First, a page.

The Borders of the World (IV/IV)

Posted on September 16, 2005 by Jenna

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“It is 1560 years before the common era,” says Demeter.

She doesn’t use English, and she doesn’t use our measures of time.

But that’s what she says, as she looks out over the sea.

“It is 1560 years before the common era, and Leto is here, on the water. And she is walking out. And she has Artemis with her, and a guide.”

This is a history of Leucippus. He did not want to be blind. He liked his sight, though it really did give him more trouble than it was worth.

“He is telling her the stories of the things he sees,” Demeter says. “And they are wrong.”

“Most people are,” says Leucippus.

“Hm?” Demeter says.

“Most people are wrong about what they see,” Leucippus says. “We all live in blind man’s country.”

Demeter smiles at him.

It’s the kind of smile that makes half of his stomach lurch with love and the other with stark, raving fear.

But enough about that.

1560 years before the common era, Hera is constructing a cerycur to trouble Leto!

She’s having to concentrate very hard and work very carefully, because the Kouretes on Mt. Solmissos are making a terrible racket.

“Darn it!” Hera says, as she fumbles a crucial connection.

Hera tosses the cerycur down hard. It skitters towards the bedroom door. Just then, Zeus slams opens the door, his face bright with enthusiasm. His form is perfect and illustrates exactly how amazing a sport tennis would be if gods played it with doors instead of rackets. The cerycur smashes into the wall and shatters, and it’s fifteen-love for Zeus!

The pieces of the cerycur trickle down the wall.

In the stillness that follows, Hera sighs.

“Hello, my beautiful darling wife!” carols Zeus. Then he looks down at the broken cerycur.

“Huh,” says Zeus.

“Was that deliberate?” Hera asks levelly.

“It was too delicate,” says Zeus, airily. “You can’t blame me if your machines can’t stand up to my divine glory.”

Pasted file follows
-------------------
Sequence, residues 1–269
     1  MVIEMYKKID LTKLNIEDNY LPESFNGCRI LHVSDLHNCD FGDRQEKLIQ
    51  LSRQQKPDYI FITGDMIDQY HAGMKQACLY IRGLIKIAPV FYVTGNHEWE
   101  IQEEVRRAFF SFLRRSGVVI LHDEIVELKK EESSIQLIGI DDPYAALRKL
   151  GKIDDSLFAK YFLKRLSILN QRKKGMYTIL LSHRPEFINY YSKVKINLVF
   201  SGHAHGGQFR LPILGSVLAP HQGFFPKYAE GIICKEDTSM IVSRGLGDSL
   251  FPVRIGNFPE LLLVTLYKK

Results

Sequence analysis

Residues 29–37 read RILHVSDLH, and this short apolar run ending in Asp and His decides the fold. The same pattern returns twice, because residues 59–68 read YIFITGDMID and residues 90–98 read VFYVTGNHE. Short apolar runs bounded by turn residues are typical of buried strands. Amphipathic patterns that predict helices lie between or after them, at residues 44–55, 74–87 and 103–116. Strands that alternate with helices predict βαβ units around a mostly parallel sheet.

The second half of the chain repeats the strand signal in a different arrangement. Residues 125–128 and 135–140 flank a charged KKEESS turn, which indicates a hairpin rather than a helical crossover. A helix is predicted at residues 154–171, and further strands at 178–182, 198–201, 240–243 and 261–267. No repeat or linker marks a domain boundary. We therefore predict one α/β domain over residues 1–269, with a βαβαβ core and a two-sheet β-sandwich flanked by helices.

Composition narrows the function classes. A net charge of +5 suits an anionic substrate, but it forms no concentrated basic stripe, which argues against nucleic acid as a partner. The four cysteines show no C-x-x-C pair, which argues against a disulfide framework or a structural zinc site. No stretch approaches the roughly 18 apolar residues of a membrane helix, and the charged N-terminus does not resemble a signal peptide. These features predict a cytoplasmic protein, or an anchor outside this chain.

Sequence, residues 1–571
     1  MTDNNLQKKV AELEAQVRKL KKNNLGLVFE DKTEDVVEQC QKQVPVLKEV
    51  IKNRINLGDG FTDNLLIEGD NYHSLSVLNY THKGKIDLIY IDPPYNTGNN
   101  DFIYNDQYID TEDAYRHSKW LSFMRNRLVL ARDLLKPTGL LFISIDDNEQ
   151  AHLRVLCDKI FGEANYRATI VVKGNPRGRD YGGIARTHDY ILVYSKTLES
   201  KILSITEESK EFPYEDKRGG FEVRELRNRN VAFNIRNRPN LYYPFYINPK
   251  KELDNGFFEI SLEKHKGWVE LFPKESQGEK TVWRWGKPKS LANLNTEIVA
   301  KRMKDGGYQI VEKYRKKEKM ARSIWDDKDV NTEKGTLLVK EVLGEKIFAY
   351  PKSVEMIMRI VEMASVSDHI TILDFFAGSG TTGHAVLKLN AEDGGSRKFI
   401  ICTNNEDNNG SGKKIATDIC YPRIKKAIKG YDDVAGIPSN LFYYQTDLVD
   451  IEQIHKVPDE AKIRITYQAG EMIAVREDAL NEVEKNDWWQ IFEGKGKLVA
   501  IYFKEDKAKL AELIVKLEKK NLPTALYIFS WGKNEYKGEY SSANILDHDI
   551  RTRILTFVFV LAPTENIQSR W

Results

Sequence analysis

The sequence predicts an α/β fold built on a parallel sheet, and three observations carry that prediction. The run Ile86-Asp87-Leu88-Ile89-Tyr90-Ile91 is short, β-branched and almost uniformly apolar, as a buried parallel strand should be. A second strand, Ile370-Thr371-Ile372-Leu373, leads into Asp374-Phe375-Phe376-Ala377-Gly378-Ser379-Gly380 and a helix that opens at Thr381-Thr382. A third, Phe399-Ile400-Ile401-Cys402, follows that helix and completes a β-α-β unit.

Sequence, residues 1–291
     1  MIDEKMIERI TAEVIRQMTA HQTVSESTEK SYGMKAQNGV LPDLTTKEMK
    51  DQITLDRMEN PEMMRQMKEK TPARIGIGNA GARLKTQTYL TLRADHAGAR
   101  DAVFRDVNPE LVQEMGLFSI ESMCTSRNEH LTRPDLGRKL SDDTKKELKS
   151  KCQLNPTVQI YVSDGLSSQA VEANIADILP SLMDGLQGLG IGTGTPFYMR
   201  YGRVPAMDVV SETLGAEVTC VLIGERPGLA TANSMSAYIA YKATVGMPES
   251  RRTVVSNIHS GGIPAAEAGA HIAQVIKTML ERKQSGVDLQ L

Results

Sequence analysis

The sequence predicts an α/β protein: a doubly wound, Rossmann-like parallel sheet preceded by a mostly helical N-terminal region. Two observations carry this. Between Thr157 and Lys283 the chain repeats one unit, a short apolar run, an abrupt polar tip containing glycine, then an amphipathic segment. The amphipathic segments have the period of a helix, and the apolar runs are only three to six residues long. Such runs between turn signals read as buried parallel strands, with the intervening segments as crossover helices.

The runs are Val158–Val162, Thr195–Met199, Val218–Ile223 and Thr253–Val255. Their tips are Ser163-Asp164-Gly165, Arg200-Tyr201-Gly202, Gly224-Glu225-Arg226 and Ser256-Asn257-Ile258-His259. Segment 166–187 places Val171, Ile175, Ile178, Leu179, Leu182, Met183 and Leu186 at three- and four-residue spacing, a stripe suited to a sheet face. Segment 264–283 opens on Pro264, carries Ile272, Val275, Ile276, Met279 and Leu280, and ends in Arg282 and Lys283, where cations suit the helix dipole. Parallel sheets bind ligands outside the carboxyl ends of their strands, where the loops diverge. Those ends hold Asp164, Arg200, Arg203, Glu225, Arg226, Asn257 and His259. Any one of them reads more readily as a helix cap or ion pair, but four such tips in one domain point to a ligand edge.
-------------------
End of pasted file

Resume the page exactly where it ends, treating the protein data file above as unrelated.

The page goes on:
Hera looks at Zeus.

Zeus grins at her. Then, very carefully, he waggles his eyebrows.

“I wanted to trouble Leto,” explains Hera. “If she bears you a son, I have a lot to lose.”

“That’s not her fault,” Zeus says, “is it?”

“The actual responsibility appears to have vanished into some sort of mysterious void of blame,” says Hera. “Perhaps there was a fault-devouring titan.”

Zeus thinks a moment.

“You could send a giant snake to trouble them,” he suggests.

“You’re not helping,” says Hera.

“They’re very fierce. They bite. I like to trouble people with giant snakes.”

Hera eyes Zeus.

Zeus grins at her. Then, very carefully, he waggles his eyebrows.

“Pfuh,” says Hera, in amused disgust.

Then, because her concentration is just a little bit askew, she sends a giant snake down to trouble Leto.

At that time and at that moment, Leto is in the grove of Ortygia, where she has just now brought Chibi-Artemis forth into the world.

“That was easier than I expected,” Leto says.

She is standing on a tree branch. With the aid of a clever sling and a dexterous midwife, Leto has given birth. She is feeling quite relieved and pleased with herself, but is a little concerned because she hasn’t expressed a placenta.

Chibi-Artemis is tugging on Leto’s sleeve.

“Mommy?” she asks.

Leto leans down. Then, because Chibi-Artemis is the cutest goddess of hunting and killing things ever, Leto sweeps up her daughter and hugs her tightly.

“Oh,” says Leto. “Oh. I am so happy you are born.”

Chibi-Artemis wriggles and kicks her feet until Leto puts her down. Then she thinks about how to explain what she wants to say. Finally, she just comes out with it.

“You’re still pregnant, Mommy. I got a brother!”

“Oh, man,” says Leto, realizing instantly that Chibi-Artemis is right.

She pushes, hopefully. But it is not working out for her.

“But it’s okay,” says Chibi-Artemis. “We can go somewhere where there isn’t land or sea.”

That’s when the giant snake attacks.